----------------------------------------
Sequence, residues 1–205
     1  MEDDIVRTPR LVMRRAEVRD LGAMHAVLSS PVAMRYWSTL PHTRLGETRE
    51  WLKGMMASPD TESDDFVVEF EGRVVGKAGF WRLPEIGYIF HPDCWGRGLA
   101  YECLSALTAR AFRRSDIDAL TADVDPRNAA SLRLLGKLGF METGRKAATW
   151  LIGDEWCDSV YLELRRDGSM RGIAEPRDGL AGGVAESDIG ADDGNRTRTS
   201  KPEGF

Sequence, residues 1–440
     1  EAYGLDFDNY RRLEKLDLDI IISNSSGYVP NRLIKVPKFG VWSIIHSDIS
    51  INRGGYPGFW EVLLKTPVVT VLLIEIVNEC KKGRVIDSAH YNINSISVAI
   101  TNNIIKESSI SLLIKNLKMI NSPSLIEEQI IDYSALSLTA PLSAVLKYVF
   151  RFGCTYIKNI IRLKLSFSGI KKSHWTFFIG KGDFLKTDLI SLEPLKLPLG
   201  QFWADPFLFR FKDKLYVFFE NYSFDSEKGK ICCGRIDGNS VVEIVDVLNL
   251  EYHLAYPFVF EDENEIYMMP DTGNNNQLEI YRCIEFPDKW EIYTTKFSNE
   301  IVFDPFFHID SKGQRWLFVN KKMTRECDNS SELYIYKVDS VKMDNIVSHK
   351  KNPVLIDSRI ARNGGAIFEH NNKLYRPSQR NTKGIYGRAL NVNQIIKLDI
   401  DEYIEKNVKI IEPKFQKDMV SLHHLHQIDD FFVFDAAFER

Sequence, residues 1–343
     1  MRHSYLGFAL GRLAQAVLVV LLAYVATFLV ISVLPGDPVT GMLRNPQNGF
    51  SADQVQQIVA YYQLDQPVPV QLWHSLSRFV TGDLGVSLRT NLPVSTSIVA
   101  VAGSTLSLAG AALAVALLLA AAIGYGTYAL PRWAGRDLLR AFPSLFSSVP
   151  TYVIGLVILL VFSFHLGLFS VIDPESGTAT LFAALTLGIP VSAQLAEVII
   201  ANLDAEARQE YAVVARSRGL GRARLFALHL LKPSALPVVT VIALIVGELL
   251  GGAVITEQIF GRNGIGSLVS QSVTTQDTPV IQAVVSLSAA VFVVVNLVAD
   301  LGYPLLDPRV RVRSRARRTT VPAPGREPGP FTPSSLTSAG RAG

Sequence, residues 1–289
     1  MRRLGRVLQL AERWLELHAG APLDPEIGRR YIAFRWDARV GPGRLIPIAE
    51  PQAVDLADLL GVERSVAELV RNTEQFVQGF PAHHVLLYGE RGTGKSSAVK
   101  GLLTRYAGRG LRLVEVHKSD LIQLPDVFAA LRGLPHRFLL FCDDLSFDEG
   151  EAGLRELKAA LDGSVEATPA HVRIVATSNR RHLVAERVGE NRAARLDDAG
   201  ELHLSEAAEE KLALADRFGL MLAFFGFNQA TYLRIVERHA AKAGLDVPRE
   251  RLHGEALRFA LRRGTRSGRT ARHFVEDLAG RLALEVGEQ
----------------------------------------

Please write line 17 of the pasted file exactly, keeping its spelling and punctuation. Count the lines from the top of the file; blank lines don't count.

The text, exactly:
Sequence, residues 1–343